Stroke is a common cause of disability, with the majority of stroke patients exhibiting chronic motor impairments. A commonly observed pattern of impairment is fragmented movement control (i.e. loss of smooth transitions during movements) and difficulty with sequences, even with physical rehabilitation therapy. We have poor understanding as to the neural circuit basis of these impairments. Current efforts in neuromodulation for motor recovery have resulted in variable effects, potentially due to nonspecific targeting of modulation. Work by Dr. Karunesh Ganguly's group, conducted in rats, has demonstrated that there is a characteristic low frequency [1.5-5Hz] quasi-oscillatory activity in low frequency local field potential (LFP) that occurs during a skilled reaching task in both the primary motor cortex (M1) and dorsolateral striatum (DLS). This phenomenon occurs when a group of neurons (ensemble) in each region fires in a synchronous manner, time-locked to the reach-to-grasp motion. In animals that have motor deficits due to stroke in M1, premotor cortex (M2) rearranges to recapitulate forelimb behavior representations that were lost; M2 is also connected to DLS. Additionally, electrical stimulation delivered therapeutically to M2 at the expected time onset of low frequency LFP power quasi-oscillations can improve accuracy in a skilled reaching task, but animals still display fragmented movement control ? characterized by a loss of smoothness that is present in both human stroke subjects and animal models. The central hypothesis is that similar to how coordinated LFP and ensemble spiking activity is a marker of M1-DLS coordination, increasing neural synchrony between M2 and DLS will result in increased recovery of skilled motor function after M1 stroke. In both aims, motor function will be assessed in rats with a reaching task to retrieve pellets. Behavioral outcomes such as reach time, kinematic trajectory, amplitude (distance paw traveled in a single reach), and successful retrieval will be assessed. In this proposal, my first aim is to characterize how coordinated neural activity in M2 and DLS evolves with recovery. In the second aim, I will assess how M2 ensemble spiking-dependent stimulation of DLS affects performance of the reach to grasp task in stroke animals with chronic motor deficits. In addition to my mentor's expertise on stroke rehabilitation, treatments, and neural interfaces, guidance from my thesis committee members Dr. Philip Starr (neurosurgery, deep brain stimulation, closed-loop stimulation) and Professor Michel Maharbiz (recording and stimulation electrode paradigms) support the feasibility of this study. We predict that increasing synchronizing M2-DLS activity post-stroke using population spike timing-dependent plasticity principles will improve behavioral outcomes after a chronic stroke plateau: reach time will decreased to baseline; reach trajectory will be smoother and more stereotyped, as assessed by a deep learning method that automatically captures movement parameters; and accuracy of obtaining pellets will increase. By accomplishing these aims, I will contribute to knowledge of how cortico-striatal connections play a role in motor recovery after stroke.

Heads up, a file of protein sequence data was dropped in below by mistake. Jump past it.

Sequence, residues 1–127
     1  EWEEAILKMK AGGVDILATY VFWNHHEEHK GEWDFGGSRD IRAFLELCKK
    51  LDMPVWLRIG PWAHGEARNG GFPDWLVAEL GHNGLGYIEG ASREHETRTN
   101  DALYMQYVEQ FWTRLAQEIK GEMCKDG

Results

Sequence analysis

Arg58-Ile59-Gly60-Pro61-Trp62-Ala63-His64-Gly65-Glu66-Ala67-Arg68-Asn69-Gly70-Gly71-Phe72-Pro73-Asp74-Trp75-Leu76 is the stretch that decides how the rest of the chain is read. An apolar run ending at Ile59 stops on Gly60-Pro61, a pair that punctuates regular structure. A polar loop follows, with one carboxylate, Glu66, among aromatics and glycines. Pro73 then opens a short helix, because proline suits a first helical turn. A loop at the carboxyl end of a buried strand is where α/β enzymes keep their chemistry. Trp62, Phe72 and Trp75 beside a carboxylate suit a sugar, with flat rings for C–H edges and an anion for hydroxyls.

Public Health Relevance

Stroke is a common cause of disability, resulting in many motor deficits such as poor coordination and smooth velocity regulation despite extensive physical rehabilitation, with little understanding of the neural circuit basis for these impairments. After primary motor cortex (M1) stroke, the perilesional premotor cortex (M2) rearranges to recapture movement representations that were lost, and both regions have monosynaptic projections to a deep brain structure in the striatum, the dorsolateral striatum (DLS) in rodents. This work will characterize the how M2 and DLS neural activity simultaneously evolve with stroke recovery, as well as assess whether closed- loop M2 ensemble spiking-dependent electrical stimulation of DLS will improve motor function after chronic stroke.

National Institute of Health (NIH)
National Institute of Neurological Disorders and Stroke (NINDS)
Predoctoral Individual National Research Service Award (F31)
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Special Emphasis Panel (ZRG1)
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Chen, Daofen
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University of California San Francisco
Schools of Medicine
San Francisco
United States
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